Jul.19, 2012 | 2:57 AM–Many of those in the know at the Finance Ministry have suspected for some time that Prime Minister Benjamin Netanyahu knew that Kadima would be leaving the coalition and that early elections were on the way.
Because of that, they say, Netanyahu postponed the start of deliberations between his office and the treasury over the 2013 budget, which should have begun in the last few weeks. No prime minister can afford to go into elections saddled with a budget of spending cuts and tax hikes, as the 2013 spending package will inevitably have.
Kadima is gone and punters are saying elections will probably be next February. That means the Knesset will not vote on a 2013 budget until sometime after election day. Until then, government spending will just be a continuation of the 2012 budget, as the law requires, with the treasury allocating 1/12th of this year’s budget each month. That could last through the first half of next year, or even longer.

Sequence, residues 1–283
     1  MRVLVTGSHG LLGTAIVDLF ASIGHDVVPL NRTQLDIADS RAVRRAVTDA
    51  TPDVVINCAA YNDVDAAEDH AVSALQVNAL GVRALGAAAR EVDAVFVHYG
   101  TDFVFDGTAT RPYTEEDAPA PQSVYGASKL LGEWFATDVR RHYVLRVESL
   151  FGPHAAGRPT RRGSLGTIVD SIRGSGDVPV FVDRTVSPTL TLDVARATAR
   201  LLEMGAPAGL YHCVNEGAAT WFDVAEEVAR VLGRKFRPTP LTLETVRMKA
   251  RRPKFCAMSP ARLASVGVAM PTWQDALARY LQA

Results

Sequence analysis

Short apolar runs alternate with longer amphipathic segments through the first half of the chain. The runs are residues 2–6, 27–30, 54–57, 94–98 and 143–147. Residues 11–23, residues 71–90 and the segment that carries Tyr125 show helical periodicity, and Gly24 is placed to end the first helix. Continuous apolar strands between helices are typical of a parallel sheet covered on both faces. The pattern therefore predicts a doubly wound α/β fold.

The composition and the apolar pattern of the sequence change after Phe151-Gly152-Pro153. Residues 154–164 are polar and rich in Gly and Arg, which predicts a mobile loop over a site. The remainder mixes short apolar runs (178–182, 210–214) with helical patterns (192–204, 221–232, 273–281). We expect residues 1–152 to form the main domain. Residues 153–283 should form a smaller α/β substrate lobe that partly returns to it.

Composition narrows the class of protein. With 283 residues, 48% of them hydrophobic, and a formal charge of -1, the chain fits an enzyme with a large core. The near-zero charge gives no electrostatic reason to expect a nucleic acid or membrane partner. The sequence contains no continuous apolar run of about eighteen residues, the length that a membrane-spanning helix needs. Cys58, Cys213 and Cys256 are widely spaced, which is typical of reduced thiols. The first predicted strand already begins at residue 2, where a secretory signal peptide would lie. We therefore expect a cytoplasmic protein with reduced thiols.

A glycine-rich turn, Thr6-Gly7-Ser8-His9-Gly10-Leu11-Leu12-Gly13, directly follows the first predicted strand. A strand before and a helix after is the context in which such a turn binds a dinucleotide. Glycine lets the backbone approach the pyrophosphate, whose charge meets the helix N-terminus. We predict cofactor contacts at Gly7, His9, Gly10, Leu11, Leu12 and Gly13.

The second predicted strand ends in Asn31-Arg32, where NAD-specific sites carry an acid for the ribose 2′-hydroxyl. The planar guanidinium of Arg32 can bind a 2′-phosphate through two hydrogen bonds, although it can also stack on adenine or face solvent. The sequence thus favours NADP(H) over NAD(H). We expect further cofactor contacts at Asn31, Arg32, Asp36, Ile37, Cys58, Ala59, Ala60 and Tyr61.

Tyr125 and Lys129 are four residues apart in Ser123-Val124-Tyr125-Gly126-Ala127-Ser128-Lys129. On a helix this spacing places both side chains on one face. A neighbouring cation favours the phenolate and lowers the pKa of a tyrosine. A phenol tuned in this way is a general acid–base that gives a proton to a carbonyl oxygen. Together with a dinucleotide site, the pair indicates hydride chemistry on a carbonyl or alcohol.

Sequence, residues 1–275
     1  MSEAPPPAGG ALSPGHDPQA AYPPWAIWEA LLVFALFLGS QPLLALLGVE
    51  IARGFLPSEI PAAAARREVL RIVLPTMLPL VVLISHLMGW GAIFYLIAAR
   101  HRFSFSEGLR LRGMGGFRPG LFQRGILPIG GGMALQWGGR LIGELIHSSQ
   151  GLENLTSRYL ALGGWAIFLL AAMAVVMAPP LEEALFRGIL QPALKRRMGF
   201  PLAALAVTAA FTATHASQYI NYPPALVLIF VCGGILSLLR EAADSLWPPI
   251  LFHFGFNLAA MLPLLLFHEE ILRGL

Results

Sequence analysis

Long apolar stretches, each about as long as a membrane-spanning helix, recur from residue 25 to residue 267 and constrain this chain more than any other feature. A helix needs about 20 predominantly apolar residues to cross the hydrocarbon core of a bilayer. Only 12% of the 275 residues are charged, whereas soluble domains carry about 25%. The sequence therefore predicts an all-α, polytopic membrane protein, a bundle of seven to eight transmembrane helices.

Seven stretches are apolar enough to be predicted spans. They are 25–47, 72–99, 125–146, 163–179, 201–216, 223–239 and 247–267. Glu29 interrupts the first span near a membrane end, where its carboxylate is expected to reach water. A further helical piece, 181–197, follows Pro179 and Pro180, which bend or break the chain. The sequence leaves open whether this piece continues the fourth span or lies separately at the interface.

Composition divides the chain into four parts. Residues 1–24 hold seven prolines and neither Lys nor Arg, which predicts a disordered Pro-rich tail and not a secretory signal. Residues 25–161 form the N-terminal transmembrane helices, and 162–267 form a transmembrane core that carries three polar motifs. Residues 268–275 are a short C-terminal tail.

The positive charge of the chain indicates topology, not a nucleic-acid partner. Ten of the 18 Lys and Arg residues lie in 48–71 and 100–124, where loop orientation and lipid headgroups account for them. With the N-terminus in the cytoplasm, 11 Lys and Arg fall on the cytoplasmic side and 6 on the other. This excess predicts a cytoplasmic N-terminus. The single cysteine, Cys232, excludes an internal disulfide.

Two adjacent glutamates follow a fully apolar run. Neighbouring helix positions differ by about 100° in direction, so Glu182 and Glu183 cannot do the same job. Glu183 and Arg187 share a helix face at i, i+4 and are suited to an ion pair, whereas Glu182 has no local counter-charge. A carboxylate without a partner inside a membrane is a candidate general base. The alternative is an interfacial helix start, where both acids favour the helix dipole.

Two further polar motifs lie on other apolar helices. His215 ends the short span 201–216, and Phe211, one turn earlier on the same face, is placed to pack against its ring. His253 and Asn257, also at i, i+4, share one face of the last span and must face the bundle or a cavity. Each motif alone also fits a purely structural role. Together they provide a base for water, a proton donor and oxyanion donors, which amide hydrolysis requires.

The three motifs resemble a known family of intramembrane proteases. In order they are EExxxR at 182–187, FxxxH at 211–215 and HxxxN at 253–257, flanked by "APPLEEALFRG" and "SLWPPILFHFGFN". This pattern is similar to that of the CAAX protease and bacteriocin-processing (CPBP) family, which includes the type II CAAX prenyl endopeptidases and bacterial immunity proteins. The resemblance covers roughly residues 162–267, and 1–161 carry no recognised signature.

This leaves Netanyahu in a rather uncomfortable situation. Between a slowing economy, controversy over drafting the ultra-Orthodox and the social justice protests, his situation looks worse than it did two months ago, when he canceled early elections and signed a coalition deal with Kadima.
The prime minister faces the lose-lose situation of either already raising taxes in 2012 or seeing the budget deficit swell to 4% of gross domestic product, which would threaten Israel’s credit rating and raise interest rates. Next year would look even worse, with the deficit reaching 5% or even 6%.
Under the circumstances he should prefer calling elections before the end of the year to avoid doing damage to the economy by delaying passage of a 2013 budget. But with his poll standings weaker than they were two months ago, Netanyahu is unlikely to take such a risky move…Read More>>